Interaction of Collimonas strain IS343 with Rhizoctonia solani at low carbon availability in vitro and in soil
Collimonas sp. IS343, isolated from an organically-farmed arable soil and characterized as a broad-range oligotrophic bacterium, was shown to degrade chitin and to suppress R. solani mycelium growth under in vitro conditions at high and low carbon availabilities. In contrast to C. fungivorans Ter331, strain IS343 did not respond with an increase in growth rate to higher carbon levels in liquid medium, it reached higher cell numbers in carbon-poor media and it showed better survival in bulk soil. Therefore, it was concluded that strain IS343 cells are better adapted to circumstances of low carbon availability as present in bulk soils than strain Ter331 cells. Further, strain IS343 cells were more suppressive towards R. solani than strain Ter331 cells in vitro. When introduced into soil, strain IS343 cells delayed disease development caused by R. solani AG2-2IIIB in sugar beet plants. These results suggest that strain IS343 cells are able to tentatively suppress R. solani AG2-2IIIB mycelium growth in soil. Potential mechanisms behind the observed suppressive effects can be competition for available nutrients between strain IS343 cells and R. solani mycelium in soil or the production of chitinase as shown for this and other Collimonas species.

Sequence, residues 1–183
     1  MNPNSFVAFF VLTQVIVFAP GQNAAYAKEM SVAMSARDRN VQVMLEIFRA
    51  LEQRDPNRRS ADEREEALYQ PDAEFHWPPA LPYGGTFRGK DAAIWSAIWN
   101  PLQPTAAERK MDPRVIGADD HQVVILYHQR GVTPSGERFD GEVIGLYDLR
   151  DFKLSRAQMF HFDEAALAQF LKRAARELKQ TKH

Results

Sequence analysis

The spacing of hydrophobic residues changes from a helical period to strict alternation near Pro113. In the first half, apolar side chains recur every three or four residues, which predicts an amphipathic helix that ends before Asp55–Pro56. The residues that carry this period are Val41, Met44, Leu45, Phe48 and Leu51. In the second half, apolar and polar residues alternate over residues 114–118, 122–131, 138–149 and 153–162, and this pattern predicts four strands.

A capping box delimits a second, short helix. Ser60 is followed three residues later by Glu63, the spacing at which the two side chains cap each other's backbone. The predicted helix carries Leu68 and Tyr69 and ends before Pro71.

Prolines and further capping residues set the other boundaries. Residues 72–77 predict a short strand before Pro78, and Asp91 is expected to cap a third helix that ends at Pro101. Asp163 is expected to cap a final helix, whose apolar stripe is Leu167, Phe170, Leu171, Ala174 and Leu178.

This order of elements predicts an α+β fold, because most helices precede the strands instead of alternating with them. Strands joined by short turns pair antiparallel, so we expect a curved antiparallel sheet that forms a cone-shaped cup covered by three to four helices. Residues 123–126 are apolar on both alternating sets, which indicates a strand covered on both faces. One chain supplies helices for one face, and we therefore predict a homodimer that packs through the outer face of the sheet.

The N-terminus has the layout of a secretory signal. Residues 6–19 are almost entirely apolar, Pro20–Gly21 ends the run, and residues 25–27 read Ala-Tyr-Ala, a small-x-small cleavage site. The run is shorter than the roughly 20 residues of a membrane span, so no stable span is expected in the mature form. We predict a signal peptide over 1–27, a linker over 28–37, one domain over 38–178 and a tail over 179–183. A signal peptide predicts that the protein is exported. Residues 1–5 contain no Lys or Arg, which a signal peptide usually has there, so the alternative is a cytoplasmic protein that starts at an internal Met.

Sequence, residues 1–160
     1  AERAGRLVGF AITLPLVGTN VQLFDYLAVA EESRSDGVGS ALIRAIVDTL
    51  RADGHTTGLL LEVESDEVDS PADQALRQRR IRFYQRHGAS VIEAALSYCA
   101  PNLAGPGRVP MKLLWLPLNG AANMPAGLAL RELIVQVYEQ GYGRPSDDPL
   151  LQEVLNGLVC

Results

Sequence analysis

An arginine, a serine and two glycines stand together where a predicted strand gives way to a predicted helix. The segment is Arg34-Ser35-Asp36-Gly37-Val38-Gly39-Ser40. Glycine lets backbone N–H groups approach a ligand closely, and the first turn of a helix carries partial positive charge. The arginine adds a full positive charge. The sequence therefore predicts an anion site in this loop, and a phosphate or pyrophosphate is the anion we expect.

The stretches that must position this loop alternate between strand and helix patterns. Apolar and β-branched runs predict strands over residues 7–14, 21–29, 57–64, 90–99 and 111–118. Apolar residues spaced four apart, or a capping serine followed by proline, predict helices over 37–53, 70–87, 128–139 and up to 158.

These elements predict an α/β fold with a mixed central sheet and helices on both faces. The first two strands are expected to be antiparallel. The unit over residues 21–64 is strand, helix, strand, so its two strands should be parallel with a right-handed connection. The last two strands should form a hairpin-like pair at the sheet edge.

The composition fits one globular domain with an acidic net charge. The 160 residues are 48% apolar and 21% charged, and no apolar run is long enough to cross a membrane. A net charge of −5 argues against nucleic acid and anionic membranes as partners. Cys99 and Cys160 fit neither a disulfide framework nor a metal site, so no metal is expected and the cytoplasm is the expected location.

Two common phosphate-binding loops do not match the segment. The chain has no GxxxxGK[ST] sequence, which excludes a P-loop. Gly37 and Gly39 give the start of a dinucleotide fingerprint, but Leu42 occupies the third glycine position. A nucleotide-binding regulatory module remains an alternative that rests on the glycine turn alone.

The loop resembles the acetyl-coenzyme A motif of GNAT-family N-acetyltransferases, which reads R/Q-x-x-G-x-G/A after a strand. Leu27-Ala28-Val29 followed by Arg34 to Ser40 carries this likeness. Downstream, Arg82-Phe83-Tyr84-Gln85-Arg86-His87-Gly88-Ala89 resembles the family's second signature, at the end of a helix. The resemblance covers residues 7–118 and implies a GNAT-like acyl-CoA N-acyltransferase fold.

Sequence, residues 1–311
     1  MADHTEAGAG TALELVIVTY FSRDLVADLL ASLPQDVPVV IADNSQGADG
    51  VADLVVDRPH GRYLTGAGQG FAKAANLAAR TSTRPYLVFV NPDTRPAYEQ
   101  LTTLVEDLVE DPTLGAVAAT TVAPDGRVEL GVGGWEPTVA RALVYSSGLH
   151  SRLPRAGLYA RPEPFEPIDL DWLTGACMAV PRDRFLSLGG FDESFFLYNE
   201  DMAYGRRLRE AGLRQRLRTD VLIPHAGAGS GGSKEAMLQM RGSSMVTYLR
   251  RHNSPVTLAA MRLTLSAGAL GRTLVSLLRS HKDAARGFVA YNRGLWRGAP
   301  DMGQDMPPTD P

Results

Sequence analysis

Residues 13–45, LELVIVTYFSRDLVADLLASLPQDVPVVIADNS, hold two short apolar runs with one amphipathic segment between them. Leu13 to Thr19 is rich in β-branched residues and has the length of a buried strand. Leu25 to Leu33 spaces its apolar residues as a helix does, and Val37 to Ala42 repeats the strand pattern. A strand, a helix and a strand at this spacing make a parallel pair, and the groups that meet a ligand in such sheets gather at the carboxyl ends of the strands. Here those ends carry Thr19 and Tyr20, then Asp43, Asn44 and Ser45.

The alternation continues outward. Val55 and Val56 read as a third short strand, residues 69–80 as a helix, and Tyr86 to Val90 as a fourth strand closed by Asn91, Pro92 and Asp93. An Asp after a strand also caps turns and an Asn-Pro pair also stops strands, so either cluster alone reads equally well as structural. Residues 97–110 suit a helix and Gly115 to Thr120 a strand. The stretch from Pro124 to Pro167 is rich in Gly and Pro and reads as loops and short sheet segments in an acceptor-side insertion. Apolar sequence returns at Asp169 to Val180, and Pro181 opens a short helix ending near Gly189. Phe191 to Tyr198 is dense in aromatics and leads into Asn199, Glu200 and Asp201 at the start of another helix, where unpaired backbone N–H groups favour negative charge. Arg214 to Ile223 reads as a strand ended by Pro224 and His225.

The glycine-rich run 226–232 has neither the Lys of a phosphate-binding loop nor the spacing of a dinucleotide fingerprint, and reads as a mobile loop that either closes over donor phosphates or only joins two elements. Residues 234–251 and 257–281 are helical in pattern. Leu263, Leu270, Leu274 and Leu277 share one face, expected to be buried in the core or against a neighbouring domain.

KeywordsCollimonas Rhizoctonia solani Oligotrophy Disease suppression Soil
This research was part of the Ecogenomics program which was sponsored by the Dutch National Genomics Initiative and the basic research program on sustainable agriculture (KB4) funded by the Dutch Ministry of Agriculture, Nature and Food Safety. We would like to thank Pieter Kastelein for his assistance with the plant-soil microcosm experiments.
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